Venue of the week The public inquiry into the Grenfell Tower disaster – that tragic symbol of inequality – opened in the opulent Connaught Rooms in central London, enabling the survivors to see for themselves, probably for the only time in their lives, how the rich live.
Bore of the week Storm Aileen.
Death of the week Cassini, a space probe, aged 20, which 'dived to destruction' after a distinguished career exploring such outposts as Enceladus, the sixth-largest moon of Saturn. Cassini discovered the existence of a watery ocean under its surface, giving rise to the hope that Enceladus could one day be home to what is left of the human race after the presidency of Donald Trump.
Teddy Taylor, who has died at the age of 80, impressed me as a nervous wreck. Whenever I encountered him, he seemed to be metaphorically or actually biting his nails – usually in anticipation of losing his marginal seat. Eventually (in 1979) he did lose it. The morning after, a well-wisher left a spray of blue irises and white carnations at the door of his home in Glasgow. The irony of his defeat was bitter indeed. It came on the night of a famous Conservative victory, and if only he had held on in Cathcart he would have been secretary of state for Scotland and a senior member of Thatcher's cabinet. Instead the job went to the more emollient George Younger. One journalist at the time claimed that Taylor 'refused to cry over the loss of such a glittering prize,' but journalists themselves mourned his departure, if only because he had always been a rich source of easy copy. Many years later, I met him in more relaxed circumstances, although he still seemed slightly on edge and was smoking in an agitated fashion. He confided in me that he was a secret smoker and that his wife would be furious with him if she knew. Although his political views were extreme, I liked him. It is often the way.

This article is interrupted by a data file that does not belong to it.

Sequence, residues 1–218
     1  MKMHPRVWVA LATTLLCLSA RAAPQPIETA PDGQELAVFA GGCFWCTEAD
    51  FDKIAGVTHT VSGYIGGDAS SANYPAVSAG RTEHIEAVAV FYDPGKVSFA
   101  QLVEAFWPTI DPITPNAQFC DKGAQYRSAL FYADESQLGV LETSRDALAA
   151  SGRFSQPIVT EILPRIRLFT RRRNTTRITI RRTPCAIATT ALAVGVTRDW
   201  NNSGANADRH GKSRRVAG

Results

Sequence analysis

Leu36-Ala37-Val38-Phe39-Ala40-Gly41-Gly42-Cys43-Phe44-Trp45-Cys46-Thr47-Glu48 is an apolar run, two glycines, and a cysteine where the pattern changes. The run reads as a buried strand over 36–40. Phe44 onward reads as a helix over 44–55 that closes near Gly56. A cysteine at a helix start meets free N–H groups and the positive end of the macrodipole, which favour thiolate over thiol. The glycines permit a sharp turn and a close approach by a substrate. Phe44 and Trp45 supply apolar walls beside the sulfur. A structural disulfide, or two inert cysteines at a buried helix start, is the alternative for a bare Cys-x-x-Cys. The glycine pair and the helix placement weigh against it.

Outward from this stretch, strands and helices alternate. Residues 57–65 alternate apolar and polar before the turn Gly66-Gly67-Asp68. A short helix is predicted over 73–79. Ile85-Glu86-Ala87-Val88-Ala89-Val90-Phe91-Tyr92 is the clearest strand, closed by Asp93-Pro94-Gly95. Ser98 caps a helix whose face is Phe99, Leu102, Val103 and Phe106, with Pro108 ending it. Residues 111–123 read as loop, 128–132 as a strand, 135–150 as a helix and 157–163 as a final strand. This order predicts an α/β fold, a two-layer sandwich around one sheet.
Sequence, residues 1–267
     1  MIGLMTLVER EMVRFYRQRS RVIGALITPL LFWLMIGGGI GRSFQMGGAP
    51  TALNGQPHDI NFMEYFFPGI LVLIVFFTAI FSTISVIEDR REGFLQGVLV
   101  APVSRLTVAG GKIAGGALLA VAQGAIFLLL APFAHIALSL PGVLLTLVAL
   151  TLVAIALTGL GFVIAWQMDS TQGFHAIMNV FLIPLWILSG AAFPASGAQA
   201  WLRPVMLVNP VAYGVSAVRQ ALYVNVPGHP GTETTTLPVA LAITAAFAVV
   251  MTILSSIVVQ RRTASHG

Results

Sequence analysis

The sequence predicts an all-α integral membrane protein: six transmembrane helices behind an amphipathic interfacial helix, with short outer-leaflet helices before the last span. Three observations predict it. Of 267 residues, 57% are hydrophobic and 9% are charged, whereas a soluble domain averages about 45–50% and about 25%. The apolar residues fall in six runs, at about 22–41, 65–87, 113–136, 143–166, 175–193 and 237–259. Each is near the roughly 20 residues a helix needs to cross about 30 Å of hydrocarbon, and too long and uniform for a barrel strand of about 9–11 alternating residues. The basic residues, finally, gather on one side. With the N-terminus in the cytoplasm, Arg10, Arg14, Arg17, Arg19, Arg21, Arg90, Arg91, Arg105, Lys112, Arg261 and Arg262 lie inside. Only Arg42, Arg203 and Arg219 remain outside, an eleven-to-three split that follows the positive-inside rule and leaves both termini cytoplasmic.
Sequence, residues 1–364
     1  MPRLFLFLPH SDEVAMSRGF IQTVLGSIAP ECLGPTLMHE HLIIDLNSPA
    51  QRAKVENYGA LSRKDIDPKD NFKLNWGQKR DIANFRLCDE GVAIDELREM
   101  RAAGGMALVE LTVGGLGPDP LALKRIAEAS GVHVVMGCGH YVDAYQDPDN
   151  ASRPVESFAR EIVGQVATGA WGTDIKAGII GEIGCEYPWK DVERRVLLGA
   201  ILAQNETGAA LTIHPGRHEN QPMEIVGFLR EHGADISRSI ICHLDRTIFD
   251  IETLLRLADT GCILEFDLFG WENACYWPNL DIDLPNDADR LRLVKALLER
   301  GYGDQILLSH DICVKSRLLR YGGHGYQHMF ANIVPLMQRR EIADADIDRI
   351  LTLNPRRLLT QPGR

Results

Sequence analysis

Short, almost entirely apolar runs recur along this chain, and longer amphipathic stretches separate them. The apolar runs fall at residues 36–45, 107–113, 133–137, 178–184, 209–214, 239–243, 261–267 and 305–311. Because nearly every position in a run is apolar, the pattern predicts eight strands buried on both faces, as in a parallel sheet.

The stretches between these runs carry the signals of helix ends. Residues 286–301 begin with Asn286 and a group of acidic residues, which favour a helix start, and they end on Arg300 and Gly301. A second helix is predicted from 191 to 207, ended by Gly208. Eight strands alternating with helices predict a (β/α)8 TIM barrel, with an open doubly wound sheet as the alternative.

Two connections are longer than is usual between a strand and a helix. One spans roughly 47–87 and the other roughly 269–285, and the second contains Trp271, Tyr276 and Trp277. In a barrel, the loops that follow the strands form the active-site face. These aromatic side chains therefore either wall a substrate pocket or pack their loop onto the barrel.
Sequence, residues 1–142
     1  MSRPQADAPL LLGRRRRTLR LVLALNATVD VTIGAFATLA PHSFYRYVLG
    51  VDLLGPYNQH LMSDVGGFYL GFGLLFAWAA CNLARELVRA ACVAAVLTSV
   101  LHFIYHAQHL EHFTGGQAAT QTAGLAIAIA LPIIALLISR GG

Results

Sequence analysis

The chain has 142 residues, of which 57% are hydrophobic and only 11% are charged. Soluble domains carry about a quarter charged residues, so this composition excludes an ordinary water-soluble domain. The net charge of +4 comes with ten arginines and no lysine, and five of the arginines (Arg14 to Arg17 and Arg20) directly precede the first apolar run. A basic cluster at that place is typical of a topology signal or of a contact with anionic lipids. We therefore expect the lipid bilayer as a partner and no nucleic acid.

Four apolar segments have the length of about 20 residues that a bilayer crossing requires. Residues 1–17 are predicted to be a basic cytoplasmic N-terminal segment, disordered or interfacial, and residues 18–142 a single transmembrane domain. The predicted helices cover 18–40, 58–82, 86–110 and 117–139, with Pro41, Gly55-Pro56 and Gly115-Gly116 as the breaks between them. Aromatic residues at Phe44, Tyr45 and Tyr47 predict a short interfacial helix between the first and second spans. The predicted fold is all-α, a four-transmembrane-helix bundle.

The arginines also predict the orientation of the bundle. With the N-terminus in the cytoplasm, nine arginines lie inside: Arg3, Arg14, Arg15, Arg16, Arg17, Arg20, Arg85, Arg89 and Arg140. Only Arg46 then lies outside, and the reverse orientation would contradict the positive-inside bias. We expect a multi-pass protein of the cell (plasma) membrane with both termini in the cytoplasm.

It was a mildly frustrating week. Inspired by the double-page spread in a national newspaper announcing the existence of a special language – Focurc by name – in ‘villages near Falkirk’, I took myself off – as one does – to 'villages near Falkirk.' I journeyed by rickety Stagecoach as far as Slamannan, where news of Focurc seemed to come as a disconcerting surprise. Indeed, upon mentioning Focurc to the few
locals above ground, I was appraised as one might be if one had just uttered an imprecation of some sort. I retreated in defeat to the Tudor Tea Rooms in mainland Falkirk. There I prepared for my mission to the far Cairngorms, to that place known as Braerlach, in search of Scotland’s longest-lying patch of snow ('The Sphinx’). There were rumours that it might have melted by the time I got there, and so it proved. Wearily I made my way back via the Queen Nicola Crossing (delays no worse than usual) to the news that our esteemed leader had no idea whether or when she would call a second independence referendum. I consoled myself that Gerry – Dr Hassan to you – would soon have something to say about this extraordinary turn of non-events.